For 40 years they wondered the desert lands…. And during these 40 years, God pitched His tent with them. The tabernacle… a holy tent in the middle of the Israelite’s camp…. This was place that God’s presence was to dwell – over the ark of covenant in the center of the tabernacle – the holy of holies.

Having a tent did not mean that God ceased to exist active outside the tent… God is bigger than any physical tent. The tabernacle was a physical sign to the Israelites that He was with them. The God of the universe was walking along with them…every morning when they woke up; there was God’s tent in the center of the camp.

Later on when the Israelites entered the promise land, the tabernacle was sent up at Shiloh… yet, the people of God continued to worship Him throughout the land as seen in Judges.

Years later the Israelites asked for and received a king, Saul. He turned out to be a bad king, so God anointed David to do the job. David looked around and saw that he had a nice house so he decided to build a house for God.

“After the king was settled in his palace and the LORD had given him rest from all his enemies around him, he said to Nathan the prophet, “Here I am, living in a house of cedar, while the ark of God remains in a tent.”

Nathan replied to the king, “Whatever you have in mind, go ahead and do it, for the LORD is with you.”

But that night the word of the LORD came to Nathan, saying:

“Go and tell my servant David, ‘This is what the LORD says: Are you the one to build me a house to dwell in? I have not dwelt in a house from the day I brought the Israelites up out of Egypt to this day. I have been moving from place to place with a tent as my dwelling. Wherever I have moved with all the Israelites, did I ever say to any of their rulers whom I commanded to shepherd my people Israel, “Why have you not built me a house of cedar?”’” -2 Samuel 7:1-7

Note that God did not ask for David to build Him a temple – David wanted to do… God actually turns the tables on David and tells him that He, God, will “establish a house” for him – that his children will always be on the throne of Israel.

David, however, did not listen as he continued to desire and plan for a temple for God. A temple that Solomon, his son, built.

This was an amazing temple – a wonder of the ancient world. It took one’s breath away – so beautiful was it….

It truly was a house of God.

Yet, in having a temple, the Israelites forgot that God was working around them. They began to think that God was only found at the temple. So God sent His prophets to remind them that He was there….but they did not listen….so He destroyed the temple.

And the people rebuilt it.

The cycle continued… then Jesus came on the scene.

God Himself became a human to show us the way to Himself. Jesus walked throughout the roads, the byways and the fields of Israel. He preached the good news that God was near; He healed the sick and casted out demons.

He did most of this outside the synagogue. I don’t know the actually percentage, but close to, if not over, ¾ of the ministry of Jesus happened outside the synagogue and the temple.


Because He came for those who were lost; the sick and die. He came to run a rescue shop within a yard of hell.

Jesus wanted to let the people know that God could be found in every nook and cranny in creation.

Yet, what happened – people build another temple. Only they called them cathedrals – churches.

I have seen some of these cathedrals in South America – they are wonderful. They take way your breath as you enter into them. They go beyond the imagination and take you into a different world…. Gold, marble, precious cloth and metal everywhere….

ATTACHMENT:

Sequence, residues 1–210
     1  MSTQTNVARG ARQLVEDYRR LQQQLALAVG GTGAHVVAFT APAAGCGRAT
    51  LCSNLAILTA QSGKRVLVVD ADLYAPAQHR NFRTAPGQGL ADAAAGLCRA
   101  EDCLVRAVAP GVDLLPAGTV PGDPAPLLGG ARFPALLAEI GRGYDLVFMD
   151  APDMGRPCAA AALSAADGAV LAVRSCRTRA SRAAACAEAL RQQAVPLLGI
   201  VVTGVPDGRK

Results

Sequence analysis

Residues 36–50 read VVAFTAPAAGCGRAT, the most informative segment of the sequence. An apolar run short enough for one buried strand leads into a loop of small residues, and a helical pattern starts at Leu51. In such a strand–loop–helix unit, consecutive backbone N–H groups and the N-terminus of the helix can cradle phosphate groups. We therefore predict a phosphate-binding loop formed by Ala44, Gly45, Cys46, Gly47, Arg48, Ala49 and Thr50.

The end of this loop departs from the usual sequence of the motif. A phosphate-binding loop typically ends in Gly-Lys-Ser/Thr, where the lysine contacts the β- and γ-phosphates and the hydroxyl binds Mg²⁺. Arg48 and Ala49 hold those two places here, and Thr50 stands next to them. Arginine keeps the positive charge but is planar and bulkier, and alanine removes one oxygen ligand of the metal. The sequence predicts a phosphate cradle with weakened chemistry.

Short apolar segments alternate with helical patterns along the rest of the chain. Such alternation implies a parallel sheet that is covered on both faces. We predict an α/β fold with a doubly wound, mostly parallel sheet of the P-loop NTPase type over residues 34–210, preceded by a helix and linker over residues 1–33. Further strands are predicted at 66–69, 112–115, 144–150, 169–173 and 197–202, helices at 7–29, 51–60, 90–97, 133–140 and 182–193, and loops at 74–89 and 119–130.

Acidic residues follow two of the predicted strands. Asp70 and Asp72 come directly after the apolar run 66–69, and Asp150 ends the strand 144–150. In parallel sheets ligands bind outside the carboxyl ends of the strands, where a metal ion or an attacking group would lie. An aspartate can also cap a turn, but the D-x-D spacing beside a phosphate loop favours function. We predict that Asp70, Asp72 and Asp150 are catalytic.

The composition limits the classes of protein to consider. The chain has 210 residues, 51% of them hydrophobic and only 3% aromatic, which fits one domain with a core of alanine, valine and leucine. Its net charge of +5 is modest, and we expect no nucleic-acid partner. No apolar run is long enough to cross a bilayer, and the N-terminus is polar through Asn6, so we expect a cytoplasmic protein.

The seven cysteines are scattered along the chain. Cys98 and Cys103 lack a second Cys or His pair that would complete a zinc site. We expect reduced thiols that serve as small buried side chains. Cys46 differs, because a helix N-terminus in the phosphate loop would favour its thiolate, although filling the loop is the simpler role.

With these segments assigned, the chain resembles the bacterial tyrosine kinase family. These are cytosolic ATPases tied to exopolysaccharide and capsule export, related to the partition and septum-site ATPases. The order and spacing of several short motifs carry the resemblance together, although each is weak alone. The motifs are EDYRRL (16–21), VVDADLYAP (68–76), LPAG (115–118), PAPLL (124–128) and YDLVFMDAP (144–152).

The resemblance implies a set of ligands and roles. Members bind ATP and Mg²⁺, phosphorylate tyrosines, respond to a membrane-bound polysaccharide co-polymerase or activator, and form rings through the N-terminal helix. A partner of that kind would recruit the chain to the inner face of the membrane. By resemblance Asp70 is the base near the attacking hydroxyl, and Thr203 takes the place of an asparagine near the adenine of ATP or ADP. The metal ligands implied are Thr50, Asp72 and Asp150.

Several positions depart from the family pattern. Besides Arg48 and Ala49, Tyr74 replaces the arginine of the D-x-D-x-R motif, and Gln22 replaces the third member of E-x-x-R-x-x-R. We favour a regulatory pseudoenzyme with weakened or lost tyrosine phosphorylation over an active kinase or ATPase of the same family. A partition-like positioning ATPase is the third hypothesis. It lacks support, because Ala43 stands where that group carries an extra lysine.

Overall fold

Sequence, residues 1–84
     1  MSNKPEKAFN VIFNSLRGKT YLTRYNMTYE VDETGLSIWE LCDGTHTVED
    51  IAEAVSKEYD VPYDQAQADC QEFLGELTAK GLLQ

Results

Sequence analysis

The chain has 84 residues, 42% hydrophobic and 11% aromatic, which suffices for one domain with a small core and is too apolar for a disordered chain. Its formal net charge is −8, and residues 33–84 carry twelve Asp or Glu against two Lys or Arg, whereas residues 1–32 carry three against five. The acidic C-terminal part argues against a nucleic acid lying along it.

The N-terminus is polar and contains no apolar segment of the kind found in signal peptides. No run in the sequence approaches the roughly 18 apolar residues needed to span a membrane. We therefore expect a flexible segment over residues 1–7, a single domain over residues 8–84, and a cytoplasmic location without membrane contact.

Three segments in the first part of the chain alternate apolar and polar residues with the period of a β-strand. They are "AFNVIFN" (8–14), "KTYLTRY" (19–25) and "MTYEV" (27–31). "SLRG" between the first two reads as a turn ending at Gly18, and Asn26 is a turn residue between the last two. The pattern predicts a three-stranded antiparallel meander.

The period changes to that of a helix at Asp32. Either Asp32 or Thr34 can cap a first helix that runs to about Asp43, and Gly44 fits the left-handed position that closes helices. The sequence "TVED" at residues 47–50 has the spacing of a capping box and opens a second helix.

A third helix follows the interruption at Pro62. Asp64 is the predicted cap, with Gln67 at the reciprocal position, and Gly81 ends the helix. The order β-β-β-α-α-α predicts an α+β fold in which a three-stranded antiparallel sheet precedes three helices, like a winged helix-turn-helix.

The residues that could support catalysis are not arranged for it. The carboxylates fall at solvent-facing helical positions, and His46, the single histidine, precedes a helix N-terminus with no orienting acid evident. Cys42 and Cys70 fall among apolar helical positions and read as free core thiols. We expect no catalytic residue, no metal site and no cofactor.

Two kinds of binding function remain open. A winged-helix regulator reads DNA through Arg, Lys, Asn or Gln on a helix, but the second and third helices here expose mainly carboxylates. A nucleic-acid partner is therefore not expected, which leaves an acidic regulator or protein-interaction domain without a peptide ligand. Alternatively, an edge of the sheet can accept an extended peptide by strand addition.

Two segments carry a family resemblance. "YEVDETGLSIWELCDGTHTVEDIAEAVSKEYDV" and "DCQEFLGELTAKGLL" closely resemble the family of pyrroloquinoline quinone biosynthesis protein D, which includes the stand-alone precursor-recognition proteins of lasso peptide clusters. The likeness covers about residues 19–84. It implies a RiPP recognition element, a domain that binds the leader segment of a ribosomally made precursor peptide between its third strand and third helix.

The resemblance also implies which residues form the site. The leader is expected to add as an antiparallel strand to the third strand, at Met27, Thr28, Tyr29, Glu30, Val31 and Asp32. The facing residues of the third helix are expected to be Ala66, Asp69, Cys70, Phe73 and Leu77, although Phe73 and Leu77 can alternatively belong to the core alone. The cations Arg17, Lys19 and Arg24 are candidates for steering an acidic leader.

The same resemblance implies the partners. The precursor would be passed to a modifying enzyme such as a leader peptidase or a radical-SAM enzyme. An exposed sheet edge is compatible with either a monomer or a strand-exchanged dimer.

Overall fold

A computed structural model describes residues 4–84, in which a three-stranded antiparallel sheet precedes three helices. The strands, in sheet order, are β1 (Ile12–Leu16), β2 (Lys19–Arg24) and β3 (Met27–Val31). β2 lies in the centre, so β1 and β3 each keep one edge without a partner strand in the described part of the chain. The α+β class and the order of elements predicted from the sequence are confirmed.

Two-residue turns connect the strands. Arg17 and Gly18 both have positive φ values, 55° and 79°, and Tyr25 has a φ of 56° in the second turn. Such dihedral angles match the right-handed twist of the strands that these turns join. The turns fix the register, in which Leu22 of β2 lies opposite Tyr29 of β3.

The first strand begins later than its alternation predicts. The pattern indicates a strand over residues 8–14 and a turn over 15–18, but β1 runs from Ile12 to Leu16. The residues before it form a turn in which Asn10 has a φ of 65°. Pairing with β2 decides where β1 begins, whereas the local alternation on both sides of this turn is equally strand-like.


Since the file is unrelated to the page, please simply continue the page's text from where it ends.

Outside the walls there sit the dying, the sick, the broke, the poor, the hurting…. Outside the cathedrals – outside of our churches – outside of those holy sanctuaries are folks that will not enter because they don’t have the right clothes. Because they didn’t have a bath that day….

Don’t get me wrong. I’m not saying that these sanctuaries are morally wrong. God used Solomon’s temple – God’s presence entered into the holy of holies and dealt there. He oked the building of the second temple – He foretold of it through His prophets.

Sometimes we need to be reminded of how big God is. Sometimes we can get too comfortable with eating cookies and drinking coffee in the presence of God. Sometimes we need to be reminded of how big God is. Sometimes we can get too comfortable with eating cookies and drinking coffee in the presence of God.

When that happens, we need to go to a cathedral – go to a holy place so that we can be reminded of who God is.

Yet, I am not content to stay there. God has put a burden in my heart to go – to walk the byways, the highways, the lanes and the fields. He has told me to start a rescue mission a yard from hell.

This is why we do church the way we do church.

We want to be relevant to the cultural around us. We want to reach the people who will not go to church anywhere else because of the way they look, smell, act or dress.

How many times have you heard? If I go to church, the roof will fall in.

I want those folks to be comfortable here.

We want to be a people of God who take the presence of God outside these four walls and into the community around us. Those people who are afraid the roof will fall in should not have an excuse because they already met God in the field talking to us! If lighting didn’t strike while in the hay field or on the side of the road – then it is safe for them on come to church.

Invite them in; give them a cup of coffee and a cookie. They are about to meet God a second time in the community of others.

God moves in different ways.

God is always at work around us. We need to listen to Him – to watch Him and do what He is doing.

The mentality goes beyond the sanctuary – it affects everything we do. The way we engage the community – the way we talk to people – the way we act.

You know, I would love to have a church building. I love not having to haul in these speakers every week..setting up and tearing down… but you know something else, I want a bigger food pantry more.

Why? There are enough church buildings in this area. The community doesn’t need another church building – what they need is food. Someone to love them. Someone to clothe them and hug them. To pray with them and invite God into their lives.

That is why we are here.

We are called to go to the people who do not ‘fit’ within the other churches. And guess what, those other churches are called to reach people who do not fit within out church. Yep, there are folks who do not like the way we do things – that’s ok. May they find a community of believers they can call ‘family.’

May the Lord of Host guide us and bless all of you as you go about His work.